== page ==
EGG HARBOR TOWNSHIP - Officials praised public employees Thursday for making nearly $1.6 million in concessions that have limited layoffs to 10 workers - for now.
Mayor James "Sonny" McCullough said he planned to go straight to the negotiating table from a news conference, where McCullough and Mainland Police Benevolent Association Local 77 President Ray Theriault, a sergeant on the township force, signed off on an agreement that cut the 88-officer department's budget by $900,000.
They struck that deal, however, before the state announced funding cuts last month. The township will get $764,694, or 11 percent, less in state aid for 2010-11.
The township will try to make up that money through more concessions from employees, Township Administrator Peter Miller said.
That could mean layoffs, even in the initially spared Police and Public Works departments that are staffed between 12 and 15 percent less than peak levels a few years ago.
Once they conclude the second round of union talks, township officials will have another $1.6 million to cut if they want to stay within the 4 percent state cap on annual tax increases used to cover operational costs, such as salaries.
"Everything's on the table. We have a huge amount of money to cut," McCullough said.
The township also needs to put aside more than twice as much money as usual to balance an expected increase in unpaid taxes. Last year, the collection rate dipped from 99.6 percent to 99.1 percent, a seemingly negligible half-percent that equated to about $200,000, Miller said.
Based on that and expected tax increases from the township, county and local school district, the township determined it would need an extra $460,000, he said.
"It needs to be sufficient to ensure (other taxing districts) get all their money," Miller said.
The township may approach the state Local Finance Board for a waiver on the tax-increase cap. Once the board announces the deadline for waiver applications, the township will know when, exactly, it will introduce the budget, but Miller said he expects that will not happen for at least a month.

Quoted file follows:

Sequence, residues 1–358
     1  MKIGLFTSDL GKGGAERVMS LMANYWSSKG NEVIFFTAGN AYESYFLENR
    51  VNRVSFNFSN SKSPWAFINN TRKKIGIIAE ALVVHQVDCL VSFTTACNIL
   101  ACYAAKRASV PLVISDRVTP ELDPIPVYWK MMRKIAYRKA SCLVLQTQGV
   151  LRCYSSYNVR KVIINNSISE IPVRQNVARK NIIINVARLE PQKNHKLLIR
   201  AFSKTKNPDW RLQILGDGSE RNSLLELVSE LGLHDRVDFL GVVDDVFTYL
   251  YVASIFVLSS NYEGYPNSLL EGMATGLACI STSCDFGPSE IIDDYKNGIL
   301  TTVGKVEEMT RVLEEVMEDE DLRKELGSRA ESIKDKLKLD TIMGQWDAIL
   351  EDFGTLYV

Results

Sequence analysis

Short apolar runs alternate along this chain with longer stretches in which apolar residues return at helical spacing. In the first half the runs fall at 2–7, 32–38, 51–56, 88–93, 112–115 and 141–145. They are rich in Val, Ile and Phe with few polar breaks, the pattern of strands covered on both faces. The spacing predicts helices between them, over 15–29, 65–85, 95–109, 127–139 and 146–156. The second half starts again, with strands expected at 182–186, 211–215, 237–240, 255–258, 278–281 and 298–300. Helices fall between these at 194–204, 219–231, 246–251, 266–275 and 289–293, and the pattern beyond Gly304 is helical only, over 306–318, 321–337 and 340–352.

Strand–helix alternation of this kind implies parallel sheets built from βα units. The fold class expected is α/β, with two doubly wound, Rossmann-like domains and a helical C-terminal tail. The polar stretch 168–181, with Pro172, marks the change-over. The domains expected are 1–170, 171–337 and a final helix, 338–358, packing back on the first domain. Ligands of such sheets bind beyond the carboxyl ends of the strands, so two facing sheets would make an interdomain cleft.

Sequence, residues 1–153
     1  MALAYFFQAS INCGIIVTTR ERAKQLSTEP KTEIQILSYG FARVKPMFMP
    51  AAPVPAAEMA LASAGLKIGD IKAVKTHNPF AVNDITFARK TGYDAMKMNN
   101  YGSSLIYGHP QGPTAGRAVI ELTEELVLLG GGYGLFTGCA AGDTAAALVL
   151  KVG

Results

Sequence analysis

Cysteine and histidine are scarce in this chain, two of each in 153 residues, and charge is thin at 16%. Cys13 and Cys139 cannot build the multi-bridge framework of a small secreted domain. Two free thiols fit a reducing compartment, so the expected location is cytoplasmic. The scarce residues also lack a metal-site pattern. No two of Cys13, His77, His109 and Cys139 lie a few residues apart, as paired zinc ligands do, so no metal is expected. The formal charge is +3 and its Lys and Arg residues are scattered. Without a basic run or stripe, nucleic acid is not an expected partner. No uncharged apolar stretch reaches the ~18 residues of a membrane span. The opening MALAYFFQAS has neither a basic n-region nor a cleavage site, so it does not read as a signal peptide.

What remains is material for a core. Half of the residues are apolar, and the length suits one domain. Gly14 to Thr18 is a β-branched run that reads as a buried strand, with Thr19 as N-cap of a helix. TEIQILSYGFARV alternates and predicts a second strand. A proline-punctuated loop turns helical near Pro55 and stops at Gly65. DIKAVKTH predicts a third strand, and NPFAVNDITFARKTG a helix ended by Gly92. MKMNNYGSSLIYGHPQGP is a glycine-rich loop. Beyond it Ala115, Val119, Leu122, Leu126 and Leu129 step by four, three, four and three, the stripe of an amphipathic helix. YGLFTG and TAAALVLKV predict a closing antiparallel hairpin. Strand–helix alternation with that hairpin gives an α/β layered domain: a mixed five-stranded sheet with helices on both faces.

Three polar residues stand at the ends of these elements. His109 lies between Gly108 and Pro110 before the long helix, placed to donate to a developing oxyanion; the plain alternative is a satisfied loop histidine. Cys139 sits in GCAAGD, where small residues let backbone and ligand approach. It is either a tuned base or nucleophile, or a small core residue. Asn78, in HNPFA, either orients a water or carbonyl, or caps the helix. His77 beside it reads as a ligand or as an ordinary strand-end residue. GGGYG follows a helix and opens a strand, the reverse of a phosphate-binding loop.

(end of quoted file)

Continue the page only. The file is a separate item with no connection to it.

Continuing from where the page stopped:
Last year, Egg Harbor Township appealed the board's decision to reject its bid for a waiver and ultimately became one of 62 municipalities statewide to qualify. The result: a 12.5 percent tax increase.
The Local Finance Board granted 62 of 65 requests to exceed the cap in 2009 and 39 of 40 in 2008, state Department of Community Affairs spokeswoman Lisa Ryan said.
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Egg Harbor Township has saved $1.6 million so far by cutting and freezing pay to public employees. In addition, the township also has shrunk staff by10 so far this year, bringing the total reduction with vacancies through attrition to 32 positions during the past couple years. Workers also have helped pay for dependent health coverage for years.
Mainland PBA Local 77: 85 officers gave up $804,000 in overtime pay, wage freezes and forwent reimbursement for unused sick time. The Police Department saved another $100,000 by waiting to buy squad cars, cutting the training budget and freezing pay for Chief Blaze Catania and two captains.
Government Workers Union: 91 employees conceded $500,000
Non-union: 26 workers gave up $110,000
Township Committee: Five elected officials agreed to $36,000 in pay cuts
Communication Workers of America: Eight employees conceded $25,000
Sources: Egg Harbor Township Mayor James “Sonny” McCullough, Mainland Police Benevolent Association Local 77 President and township police Sgt. Ray Theriault, township Administrator Peter Miller
Egg Harbor Township has found a way to save $4.5 million. But the results will not come to fruition in time to help this year’s bottom line. Rather, the predicted savings will accumulate during the next decade.
The township will start using trash trucks with mechanical arms Jan. 1, 2011. A couple weeks before that, residents will get compatible trash cans from the township. The new bins will be 50 gallons — versus the widely used 32-gallon size — and have wheels and a locking lid, Administrator Peter Miller and Mayor James “Sonny” McCullough said.
Replacing the five-vehicle fleet will not require additional taxes because the township already raised the money for the project in 2008.
The move will pay for itself after 18 months, officials said, and during the next 81/2 years will cut $4.5 million from local spending. Although the new vehicles and accompanying buckets will cost more than replacing the old trucks with similar models, the mechanical arms will replace the pair of workers that accompany each truck.
The township hopes to roll out its new trash-removal system by Jan. 1, 2011. Subsequent layoffs in the Public Works Department will depend on staffing levels at that time in light of the economic situation. If the crisis has continued, officials expect to eliminate positions.